It is said that it only takes 7 seconds to form a first impression of someone.
Imagine how critical those seconds are when you’re meeting your future manager for the first time at a job interview. The person who knows s/he’s about to give the job to someone s/he has to deal with 30 hours a week.
Don’t underestimate that time. The job interview has begun the moment you walked through that door and greeted the receptionist. (Yes, her opinion can be asked of you later by the manager)
And when the interviewer rounds the corner and first lays eyes on you in the lobby, the 7-second timer has started.
There are three things you need to pass in the first seconds of greeting a manager:
What you wear does most of the talking here.
I remembered when I was interviewing for internal positions in my company. On two occasions with different hiring managers, they commented on my tie.
I could only imagine as it was an internal position, other internal candidates just showed up with whatever default office clothes they wear everyday.
By wearing a simple tie and blazer, it showed the hiring management I was serious about getting this role.
Unless you know for certain through insider information, that the hiring manager prefers dealing with people who dress casually, always default to formal office wear. It’s the safe choice.
The hiring manager hires the person they trust and like the most. While trust will be developed during the course of the interview, likability is instantly felt.
We’re all human. We’ve felt this too. Anytime we meet someone new for the first time, you know in seconds whether you will get along with this person or not.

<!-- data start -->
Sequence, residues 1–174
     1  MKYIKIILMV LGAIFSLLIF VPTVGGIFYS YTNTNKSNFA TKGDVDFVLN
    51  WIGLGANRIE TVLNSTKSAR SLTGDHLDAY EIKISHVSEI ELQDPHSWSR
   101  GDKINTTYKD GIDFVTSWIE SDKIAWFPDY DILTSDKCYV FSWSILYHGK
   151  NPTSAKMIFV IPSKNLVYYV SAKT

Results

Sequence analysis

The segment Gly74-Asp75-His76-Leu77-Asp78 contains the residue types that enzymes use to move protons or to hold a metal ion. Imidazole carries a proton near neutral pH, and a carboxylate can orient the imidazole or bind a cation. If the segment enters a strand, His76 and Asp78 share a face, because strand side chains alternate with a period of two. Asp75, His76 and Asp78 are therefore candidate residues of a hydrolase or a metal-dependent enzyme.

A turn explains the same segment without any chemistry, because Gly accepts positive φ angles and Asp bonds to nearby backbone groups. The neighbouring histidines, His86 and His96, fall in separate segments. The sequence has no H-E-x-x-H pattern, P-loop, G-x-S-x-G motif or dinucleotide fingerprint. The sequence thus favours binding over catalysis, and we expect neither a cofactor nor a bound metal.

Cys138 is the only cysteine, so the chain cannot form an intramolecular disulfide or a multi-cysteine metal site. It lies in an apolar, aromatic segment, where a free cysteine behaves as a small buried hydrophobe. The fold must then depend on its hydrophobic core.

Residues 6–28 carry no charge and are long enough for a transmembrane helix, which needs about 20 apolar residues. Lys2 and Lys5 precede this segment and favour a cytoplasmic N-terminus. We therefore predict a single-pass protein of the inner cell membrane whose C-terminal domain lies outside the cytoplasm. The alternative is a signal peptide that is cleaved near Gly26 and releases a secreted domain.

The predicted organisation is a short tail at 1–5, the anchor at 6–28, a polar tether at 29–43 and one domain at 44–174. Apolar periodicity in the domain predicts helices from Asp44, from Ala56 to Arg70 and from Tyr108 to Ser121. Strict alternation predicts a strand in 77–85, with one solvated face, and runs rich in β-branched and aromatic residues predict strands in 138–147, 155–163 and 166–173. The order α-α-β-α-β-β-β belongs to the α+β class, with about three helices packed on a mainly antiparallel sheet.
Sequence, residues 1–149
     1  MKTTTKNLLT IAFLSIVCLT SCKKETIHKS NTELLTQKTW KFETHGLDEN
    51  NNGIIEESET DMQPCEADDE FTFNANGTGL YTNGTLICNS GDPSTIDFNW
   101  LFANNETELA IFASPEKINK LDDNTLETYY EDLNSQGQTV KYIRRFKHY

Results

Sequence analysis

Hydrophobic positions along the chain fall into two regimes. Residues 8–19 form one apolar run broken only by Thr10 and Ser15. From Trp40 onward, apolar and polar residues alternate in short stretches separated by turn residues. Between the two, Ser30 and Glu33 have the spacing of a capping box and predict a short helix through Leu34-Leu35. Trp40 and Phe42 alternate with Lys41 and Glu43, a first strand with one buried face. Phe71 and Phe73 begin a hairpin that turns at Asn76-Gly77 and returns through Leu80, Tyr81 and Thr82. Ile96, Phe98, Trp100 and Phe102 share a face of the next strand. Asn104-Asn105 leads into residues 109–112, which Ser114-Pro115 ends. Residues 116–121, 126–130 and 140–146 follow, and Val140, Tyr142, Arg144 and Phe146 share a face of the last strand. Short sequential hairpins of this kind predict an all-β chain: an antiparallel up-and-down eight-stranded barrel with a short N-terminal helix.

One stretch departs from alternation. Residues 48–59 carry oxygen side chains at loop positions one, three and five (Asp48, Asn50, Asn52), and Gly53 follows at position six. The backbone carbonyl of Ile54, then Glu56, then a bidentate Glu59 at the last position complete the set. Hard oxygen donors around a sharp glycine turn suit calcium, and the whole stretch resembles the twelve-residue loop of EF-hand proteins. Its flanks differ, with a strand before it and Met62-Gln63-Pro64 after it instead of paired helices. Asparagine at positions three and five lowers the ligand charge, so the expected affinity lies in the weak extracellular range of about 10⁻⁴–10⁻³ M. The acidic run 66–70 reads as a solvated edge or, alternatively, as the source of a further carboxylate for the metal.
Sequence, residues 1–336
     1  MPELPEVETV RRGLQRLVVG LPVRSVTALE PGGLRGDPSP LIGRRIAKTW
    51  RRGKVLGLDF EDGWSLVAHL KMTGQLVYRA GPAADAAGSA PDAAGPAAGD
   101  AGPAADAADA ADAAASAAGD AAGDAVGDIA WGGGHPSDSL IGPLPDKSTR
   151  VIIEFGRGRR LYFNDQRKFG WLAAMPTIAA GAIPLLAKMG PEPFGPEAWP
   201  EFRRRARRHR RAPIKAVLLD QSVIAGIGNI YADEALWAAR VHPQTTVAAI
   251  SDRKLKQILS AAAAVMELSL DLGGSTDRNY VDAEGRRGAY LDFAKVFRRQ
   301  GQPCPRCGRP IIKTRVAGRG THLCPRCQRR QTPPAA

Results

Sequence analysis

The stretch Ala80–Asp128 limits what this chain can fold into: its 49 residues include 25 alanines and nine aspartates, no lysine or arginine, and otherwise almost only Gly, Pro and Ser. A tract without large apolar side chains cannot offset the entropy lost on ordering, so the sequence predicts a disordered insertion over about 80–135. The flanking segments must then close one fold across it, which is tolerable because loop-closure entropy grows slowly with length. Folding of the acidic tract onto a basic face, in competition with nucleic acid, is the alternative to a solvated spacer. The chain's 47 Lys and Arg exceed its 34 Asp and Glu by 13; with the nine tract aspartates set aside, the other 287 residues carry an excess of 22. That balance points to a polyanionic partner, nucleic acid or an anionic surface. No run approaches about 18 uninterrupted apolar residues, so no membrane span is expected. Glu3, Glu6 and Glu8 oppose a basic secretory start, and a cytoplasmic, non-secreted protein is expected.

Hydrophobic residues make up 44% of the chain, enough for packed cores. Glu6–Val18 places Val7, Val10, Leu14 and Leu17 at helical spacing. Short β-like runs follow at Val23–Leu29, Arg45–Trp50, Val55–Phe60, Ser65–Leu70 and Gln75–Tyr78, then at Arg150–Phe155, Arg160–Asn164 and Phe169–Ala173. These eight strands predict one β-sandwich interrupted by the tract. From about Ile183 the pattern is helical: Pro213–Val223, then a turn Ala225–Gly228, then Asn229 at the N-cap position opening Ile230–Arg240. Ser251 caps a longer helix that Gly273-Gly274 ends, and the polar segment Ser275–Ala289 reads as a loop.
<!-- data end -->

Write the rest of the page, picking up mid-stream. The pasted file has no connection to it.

During those first seconds, your smile and handshake does most of the work here.
You’d be surprised at the number of times I’ve come across folks that just don’t smile (or have a very faint hint of a smile) when meeting a stranger.
When shaking that hand, make eye contact, a firm(ish) grip, and a smile will get your likability off to the right start.
Small talk will govern the time from the handshake to settling down in the manager’s office. During the journey, they will possibly talk about the commute, the weather or any other safe generic topics.
One-worded responses is not a good sign. It shows that you’re not confident dealing with strangers. Sure you may be nervous, but nerves shouldn’t get you tongue-tied.
Keep the conversation engaging. Respond with 2 full sentences and don’t ramble on.
And always keep the conversation positive. I remembered one candidate – the only small talk we had was him complaining about how the recruiter screwed up the address and he ended up in the wrong building. That went on for 7 minutes. That interview was over before it started.
Remember, you will spend most of your time communicating in your position. The manager knows this and is thinking about if they and their team will feel comfortable communicating with you.
Keep these three points in mind when picturing how those first seconds when greeting the hiring manager is going to go. Rehearse it, visualize it. It will certainly help getting over those job interview nerves.